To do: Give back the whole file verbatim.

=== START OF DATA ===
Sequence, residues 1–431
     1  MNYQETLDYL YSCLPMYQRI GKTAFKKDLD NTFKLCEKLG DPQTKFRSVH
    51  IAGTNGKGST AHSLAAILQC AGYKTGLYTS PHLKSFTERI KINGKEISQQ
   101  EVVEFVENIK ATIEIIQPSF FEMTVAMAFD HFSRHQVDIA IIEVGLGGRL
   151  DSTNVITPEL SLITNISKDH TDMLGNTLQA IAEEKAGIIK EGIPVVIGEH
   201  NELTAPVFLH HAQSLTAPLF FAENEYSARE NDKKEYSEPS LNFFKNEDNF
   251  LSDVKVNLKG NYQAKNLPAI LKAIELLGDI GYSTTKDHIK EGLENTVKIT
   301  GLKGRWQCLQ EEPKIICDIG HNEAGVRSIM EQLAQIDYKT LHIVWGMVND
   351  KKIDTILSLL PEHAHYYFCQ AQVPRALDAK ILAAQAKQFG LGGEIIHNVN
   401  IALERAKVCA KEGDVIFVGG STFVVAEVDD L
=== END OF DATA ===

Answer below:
Sequence, residues 1–431
     1  MNYQETLDYL YSCLPMYQRI GKTAFKKDLD NTFKLCEKLG DPQTKFRSVH
    51  IAGTNGKGST AHSLAAILQC AGYKTGLYTS PHLKSFTERI KINGKEISQQ
   101  EVVEFVENIK ATIEIIQPSF FEMTVAMAFD HFSRHQVDIA IIEVGLGGRL
   151  DSTNVITPEL SLITNISKDH TDMLGNTLQA IAEEKAGIIK EGIPVVIGEH
   201  NELTAPVFLH HAQSLTAPLF FAENEYSARE NDKKEYSEPS LNFFKNEDNF
   251  LSDVKVNLKG NYQAKNLPAI LKAIELLGDI GYSTTKDHIK EGLENTVKIT
   301  GLKGRWQCLQ EEPKIICDIG HNEAGVRSIM EQLAQIDYKT LHIVWGMVND
   351  KKIDTILSLL PEHAHYYFCQ AQVPRALDAK ILAAQAKQFG LGGEIIHNVN
   401  IALERAKVCA KEGDVIFVGG STFVVAEVDD L